Jurors should decide the outcome of a federal lawsuit filed by the mother of an unarmed black 19-year-old man killed by Woodbury police in a 2012 hostage crisis, a federal appellate court ruled Tuesday.

A three-judge panel for the Eighth U.S. Circuit Court of Appeals overturned a Minnesota federal judge’s dismissal of Tawana Henderson’s lawsuit against the city of Woodbury and three police officers who shot and killed Mark E. Henderson Jr., who had fled from a motel room after he had been taken hostage by another man.

Officers fired an initial round of shots that missed Henderson as he ran toward them. Henderson then dropped facedown on the ground but was soon struck by another 12 of the 17 shots fired by the officers, who later contended that Henderson failed to comply with orders to stay down.

Tawana Henderson sued the city and officers Stacey Krech, Natalie Bauer and Anthony Ofstead two years after a Washington County grand jury cleared the officers of criminal wrongdoing. She argued that the police should have known they were dealing with a hostage situation and that they should have noted the differences in clothing between her son and hostage-taker Demetrius Ballinger, who is serving a 36-year prison sentence for murder and rape charges in connection with the melee.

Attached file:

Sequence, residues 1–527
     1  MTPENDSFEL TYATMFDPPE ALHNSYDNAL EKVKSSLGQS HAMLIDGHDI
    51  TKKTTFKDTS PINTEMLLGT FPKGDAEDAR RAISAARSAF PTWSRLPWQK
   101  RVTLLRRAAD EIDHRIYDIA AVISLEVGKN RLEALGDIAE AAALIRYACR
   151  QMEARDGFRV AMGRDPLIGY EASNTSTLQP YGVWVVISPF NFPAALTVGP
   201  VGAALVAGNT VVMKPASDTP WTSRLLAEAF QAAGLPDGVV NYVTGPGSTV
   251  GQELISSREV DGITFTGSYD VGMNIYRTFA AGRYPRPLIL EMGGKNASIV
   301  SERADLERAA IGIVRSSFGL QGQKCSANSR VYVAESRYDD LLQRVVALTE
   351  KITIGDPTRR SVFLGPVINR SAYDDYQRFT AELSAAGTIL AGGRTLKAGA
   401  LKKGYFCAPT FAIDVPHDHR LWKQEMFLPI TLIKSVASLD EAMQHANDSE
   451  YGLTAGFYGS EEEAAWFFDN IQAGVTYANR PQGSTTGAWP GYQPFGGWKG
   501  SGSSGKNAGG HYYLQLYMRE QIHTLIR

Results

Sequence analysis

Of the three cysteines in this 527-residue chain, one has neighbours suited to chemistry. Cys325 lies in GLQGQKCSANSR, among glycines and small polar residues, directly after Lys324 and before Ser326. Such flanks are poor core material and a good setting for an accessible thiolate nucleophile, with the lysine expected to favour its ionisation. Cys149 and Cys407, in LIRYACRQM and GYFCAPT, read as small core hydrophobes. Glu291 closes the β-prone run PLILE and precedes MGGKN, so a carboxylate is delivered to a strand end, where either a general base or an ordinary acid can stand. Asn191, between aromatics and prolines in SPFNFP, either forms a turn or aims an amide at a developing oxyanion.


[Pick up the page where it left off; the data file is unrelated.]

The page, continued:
But Senior U.S. District Judge Richard Kyle dismissed the lawsuit last year after finding that the officers acted on limited information to perceive Henderson as a “serious threat” when they first fired at him and that they fired the fatal volley of shots after believing Henderson was refusing to comply with their orders. Kyle acknowledged that the circumstances around the fatal shots were a “closer call.”

In overturning Kyle’s decision, Chief Circuit Judge Lavenski Smith wrote Wednesday that Kyle gave no weight to Krech’s statements to investigators for the state Bureau of Criminal Apprehension that described Henderson surrendering to police and remaining still before being killed.

“The resolution of the conflicting testimony between one officer’s more or less contemporaneous description and all the officers’ subsequent unified deposition testimony is best left to a jury,” Smith wrote in the court’s 11-page opinion.